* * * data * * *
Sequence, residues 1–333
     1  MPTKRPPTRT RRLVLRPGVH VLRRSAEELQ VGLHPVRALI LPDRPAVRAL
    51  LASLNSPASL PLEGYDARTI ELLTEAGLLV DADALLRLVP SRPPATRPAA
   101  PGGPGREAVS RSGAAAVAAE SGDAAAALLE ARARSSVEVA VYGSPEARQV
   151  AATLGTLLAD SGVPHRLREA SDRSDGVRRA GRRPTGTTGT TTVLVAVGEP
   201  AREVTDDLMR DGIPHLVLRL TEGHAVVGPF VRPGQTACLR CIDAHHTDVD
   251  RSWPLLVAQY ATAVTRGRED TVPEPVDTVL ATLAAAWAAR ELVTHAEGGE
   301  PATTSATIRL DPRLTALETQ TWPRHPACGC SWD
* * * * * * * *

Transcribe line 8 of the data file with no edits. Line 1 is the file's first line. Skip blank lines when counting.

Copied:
   301  PATTSATIRL DPRLTALETQ TWPRHPACGC SWD